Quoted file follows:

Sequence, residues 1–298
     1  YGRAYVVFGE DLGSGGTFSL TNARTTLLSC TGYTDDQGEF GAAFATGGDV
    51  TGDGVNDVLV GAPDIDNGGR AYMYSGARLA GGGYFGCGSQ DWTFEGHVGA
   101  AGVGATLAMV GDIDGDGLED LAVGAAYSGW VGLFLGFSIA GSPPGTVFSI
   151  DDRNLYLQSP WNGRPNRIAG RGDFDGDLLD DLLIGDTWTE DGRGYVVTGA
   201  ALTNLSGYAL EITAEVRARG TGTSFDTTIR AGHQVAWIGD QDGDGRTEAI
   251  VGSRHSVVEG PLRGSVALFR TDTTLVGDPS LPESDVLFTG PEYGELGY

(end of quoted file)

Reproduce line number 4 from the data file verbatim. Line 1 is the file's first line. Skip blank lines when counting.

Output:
   101  AGVGATLAMV GDIDGDGLED LAVGAAYSGW VGLFLGFSIA GSPPGTVFSI